Posts Tagged 'Agony uncle'

A near-death experience and made-up fluff

The author of the definitive biography of Canadian prog-rockers Rush is featured in this post! It doesn't get better than this, you're thinking.

Three weeks without a post! You must have been worried sick. Turns out I wasn’t crawling across the floor, desperately to reach the keyboard to tap out one last post before the horrific injuries inflicted by a deranged stalker finally did for me. I was doing my University exams, thanks for asking, which were arguably less fun.

The curse of antitalknormalism pursued me even in the musty corridors of the University of London. As one of my lecturers warned me: “In macroeconomics the answers aren’t hard. It’s trying to work out what they’ve asked you that’s the problem.” The second bit of that statement, at least, turned out to be true.

I’ve got a couple of posts ready for this week. Meanwhile, there’s time to answer the question asked by analyst and part-time Renaissance man Jon Collins, rock biographer (five stars on Amazon) and managing director of Freeform Dynamics:

No, Jon, I don’t make the graphs up.

The numbers are always real. Whenever there’s data and I haven’t told you where it is from, I found it by searching Factiva.com and sticking it into a spreadsheet.

On a personal level Mr Collins is both my webcast buddy and was voted the world’s second-best analyst (and the best in Europe) by a jury of his peers, so when he questions my rigour it is naturally hurtful. I’m only partially mollified when he tells me Talk Normal is his second favourite blog, because his favourite is the one where someone writes down what her husband says when he’s asleep, and I checked and she doesn’t have a single bar chart. But, being British, I’m keeping all this negative emotion inside so the bitterness can spill out inappropriately when I’m drunk.

Here’s another thing that might appear to have been made up for a joke. It’s a pygmy jerboa: an animal that looks as if the zoo ran out of fluff half way through inventing it.

All onboard

A metaphorical howl of despair echoes across the internet as far as the Talk Normal inbox from Mr C of South London, whose identity I am protecting for obvious reasons:

We are in the process of being “onboarded” as a supplier by a well known IT brand. The people concerned have used this term constantly as a verb, adjective and noun in the last 48 hours. For them it is obviously normal.

Well, Mr C, the abuse you are suffering is thankfully still rare, but we should not be complacent. Though deliberate onboarding is still used only by a small number of companies, that number is shooting up. There are more onboarders living and working among us than ever; the most sickening aspect is that, for them, it’s completely normal. Look:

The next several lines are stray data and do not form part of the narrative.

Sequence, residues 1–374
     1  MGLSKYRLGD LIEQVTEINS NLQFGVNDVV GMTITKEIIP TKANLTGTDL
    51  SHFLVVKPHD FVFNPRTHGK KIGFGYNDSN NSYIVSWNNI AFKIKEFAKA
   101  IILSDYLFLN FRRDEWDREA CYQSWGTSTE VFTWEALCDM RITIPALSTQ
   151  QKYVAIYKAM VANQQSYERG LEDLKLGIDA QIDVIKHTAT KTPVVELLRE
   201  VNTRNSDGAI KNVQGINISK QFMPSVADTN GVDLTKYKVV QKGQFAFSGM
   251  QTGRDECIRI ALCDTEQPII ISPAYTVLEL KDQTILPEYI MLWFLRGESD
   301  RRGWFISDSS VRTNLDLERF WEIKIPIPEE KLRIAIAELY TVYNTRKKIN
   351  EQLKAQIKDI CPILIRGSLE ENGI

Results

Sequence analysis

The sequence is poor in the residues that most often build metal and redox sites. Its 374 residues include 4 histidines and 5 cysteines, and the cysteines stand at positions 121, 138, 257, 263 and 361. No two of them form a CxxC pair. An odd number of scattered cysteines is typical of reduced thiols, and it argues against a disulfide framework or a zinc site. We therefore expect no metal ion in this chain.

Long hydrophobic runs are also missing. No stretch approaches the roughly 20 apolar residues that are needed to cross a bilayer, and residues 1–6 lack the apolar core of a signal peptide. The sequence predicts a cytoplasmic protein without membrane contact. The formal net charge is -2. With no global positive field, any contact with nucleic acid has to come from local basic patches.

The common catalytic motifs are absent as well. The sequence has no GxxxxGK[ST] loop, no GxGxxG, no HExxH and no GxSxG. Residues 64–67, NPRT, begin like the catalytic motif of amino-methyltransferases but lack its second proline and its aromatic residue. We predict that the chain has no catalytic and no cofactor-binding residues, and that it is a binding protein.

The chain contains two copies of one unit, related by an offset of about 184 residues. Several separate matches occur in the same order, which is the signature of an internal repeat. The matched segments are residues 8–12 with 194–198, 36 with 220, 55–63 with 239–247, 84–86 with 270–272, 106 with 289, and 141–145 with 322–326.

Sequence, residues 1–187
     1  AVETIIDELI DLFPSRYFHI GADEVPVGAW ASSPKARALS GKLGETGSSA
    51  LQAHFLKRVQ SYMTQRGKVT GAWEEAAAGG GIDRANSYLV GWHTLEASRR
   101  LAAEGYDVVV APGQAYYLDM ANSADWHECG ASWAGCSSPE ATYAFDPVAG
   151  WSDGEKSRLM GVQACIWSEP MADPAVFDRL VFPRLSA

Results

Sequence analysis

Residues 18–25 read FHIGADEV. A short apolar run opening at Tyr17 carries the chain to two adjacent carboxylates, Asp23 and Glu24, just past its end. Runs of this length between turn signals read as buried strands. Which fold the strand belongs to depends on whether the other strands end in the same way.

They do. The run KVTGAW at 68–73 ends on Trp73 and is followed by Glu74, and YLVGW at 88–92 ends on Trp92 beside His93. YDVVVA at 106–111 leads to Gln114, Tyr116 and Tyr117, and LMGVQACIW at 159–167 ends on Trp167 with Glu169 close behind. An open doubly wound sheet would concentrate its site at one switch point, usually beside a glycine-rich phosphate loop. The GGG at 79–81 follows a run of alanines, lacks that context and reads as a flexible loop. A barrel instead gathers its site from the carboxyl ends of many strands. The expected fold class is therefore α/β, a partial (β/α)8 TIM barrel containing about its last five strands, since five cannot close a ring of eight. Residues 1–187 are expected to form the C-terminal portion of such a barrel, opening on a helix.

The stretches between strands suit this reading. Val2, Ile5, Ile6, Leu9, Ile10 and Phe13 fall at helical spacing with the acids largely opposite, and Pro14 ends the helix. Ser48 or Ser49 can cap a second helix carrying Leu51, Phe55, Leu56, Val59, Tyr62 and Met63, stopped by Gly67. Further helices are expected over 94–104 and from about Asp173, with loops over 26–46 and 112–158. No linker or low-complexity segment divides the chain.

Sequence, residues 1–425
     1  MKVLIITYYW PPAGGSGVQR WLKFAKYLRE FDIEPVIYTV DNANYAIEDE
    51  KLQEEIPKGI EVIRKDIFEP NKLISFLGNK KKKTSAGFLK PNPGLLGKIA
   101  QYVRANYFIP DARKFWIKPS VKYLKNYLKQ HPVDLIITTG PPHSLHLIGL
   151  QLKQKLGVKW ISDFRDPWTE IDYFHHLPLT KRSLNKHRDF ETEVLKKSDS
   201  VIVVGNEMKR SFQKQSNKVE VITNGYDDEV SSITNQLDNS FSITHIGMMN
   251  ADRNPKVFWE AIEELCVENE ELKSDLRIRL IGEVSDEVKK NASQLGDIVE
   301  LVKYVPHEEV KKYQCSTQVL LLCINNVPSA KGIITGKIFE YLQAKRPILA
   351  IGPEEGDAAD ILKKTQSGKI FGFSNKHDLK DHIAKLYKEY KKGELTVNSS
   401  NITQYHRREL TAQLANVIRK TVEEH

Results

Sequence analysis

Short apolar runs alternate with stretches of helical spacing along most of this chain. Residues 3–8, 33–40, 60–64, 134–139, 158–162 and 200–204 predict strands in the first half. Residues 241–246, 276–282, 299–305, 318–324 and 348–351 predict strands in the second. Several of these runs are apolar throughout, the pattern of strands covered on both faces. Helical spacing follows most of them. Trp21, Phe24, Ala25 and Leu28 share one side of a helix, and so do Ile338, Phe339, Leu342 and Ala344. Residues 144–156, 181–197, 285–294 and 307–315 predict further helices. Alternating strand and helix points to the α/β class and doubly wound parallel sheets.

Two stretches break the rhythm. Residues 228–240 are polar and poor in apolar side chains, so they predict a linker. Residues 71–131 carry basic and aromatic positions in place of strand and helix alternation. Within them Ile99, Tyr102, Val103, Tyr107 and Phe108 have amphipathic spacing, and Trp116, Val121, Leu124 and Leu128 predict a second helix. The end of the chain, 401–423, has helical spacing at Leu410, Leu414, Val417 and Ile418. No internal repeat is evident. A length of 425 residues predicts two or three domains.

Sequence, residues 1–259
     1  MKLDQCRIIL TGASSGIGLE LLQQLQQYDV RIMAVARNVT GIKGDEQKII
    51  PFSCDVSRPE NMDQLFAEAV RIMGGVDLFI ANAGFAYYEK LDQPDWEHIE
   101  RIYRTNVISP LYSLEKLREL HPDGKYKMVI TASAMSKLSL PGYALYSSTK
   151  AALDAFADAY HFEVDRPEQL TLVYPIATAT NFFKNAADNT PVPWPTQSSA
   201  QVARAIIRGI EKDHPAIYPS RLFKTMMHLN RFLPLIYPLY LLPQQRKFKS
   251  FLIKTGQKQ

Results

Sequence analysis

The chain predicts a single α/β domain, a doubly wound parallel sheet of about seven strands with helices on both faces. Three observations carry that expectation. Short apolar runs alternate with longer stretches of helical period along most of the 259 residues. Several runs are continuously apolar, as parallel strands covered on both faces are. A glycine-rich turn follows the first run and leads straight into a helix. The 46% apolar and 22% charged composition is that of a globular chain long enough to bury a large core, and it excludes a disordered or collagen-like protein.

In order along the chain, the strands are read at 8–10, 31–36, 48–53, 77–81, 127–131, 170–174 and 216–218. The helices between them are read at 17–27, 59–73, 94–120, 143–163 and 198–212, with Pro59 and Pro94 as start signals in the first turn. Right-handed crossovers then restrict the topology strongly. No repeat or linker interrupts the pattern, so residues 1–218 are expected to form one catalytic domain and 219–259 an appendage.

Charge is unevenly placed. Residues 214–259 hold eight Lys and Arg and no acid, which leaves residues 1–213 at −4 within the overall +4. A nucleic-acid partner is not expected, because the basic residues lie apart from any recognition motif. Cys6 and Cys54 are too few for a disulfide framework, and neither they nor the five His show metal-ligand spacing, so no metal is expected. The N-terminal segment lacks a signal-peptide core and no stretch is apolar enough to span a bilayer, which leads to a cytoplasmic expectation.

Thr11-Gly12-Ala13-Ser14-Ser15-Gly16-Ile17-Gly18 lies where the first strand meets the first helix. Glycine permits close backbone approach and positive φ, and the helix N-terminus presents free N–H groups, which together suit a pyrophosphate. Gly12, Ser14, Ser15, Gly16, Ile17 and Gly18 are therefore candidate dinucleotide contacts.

That’s spectacular growth for a word that has no obvious reason to exist, and which I can’t find mentioned at all until 1998. Before 2002, there is one mention of the word for every 10 million published articles in the Factiva database.

The growth is mostly from the sector that Factiva calls talent management, which is one of those phrases, like “fresh frozen”, where the first word is put there to make impressionable people feel super happy. The talent management sector produces press releases about onboarding with headlines like:

Fortune 100 Companies Will Unite at Peopleclick Authoria Global Client Conference to Discuss Business and HR Trends

Note the use of unite, which tries to make a sales conference sound like a protest rally (“What do we want? Onboarding! When do we want it? On receipt of satisfactory references!”).

I’ve even found some mentions of offboarding in the last couple of years. As a weasel-word for “sacking” or “making redundant” it has limitations: imagine calling the victim into your office to explain tactfully that you’re offboarding him, and then having to explain what you just said.

I’ll give a mug to the first firm of supply chain analysts that has the brass neck to try to sell a report about the trend towards hyperonboarding™. But I must be careful what I wish for.

Meanwhile for you, Mr C, it’s a Jordan Boob Dilemma moment in South London. Do you allow yourself to be onboarded in silence, in the knowledge that those who thoughtlessly onboard you today may onboard literally thousands of suppliers in the future? Or do you refuse to be a part of a procurement system that does this to innocent young businesspeople like yourself? It’s probably too late to save Mr C. But we must take a stand.


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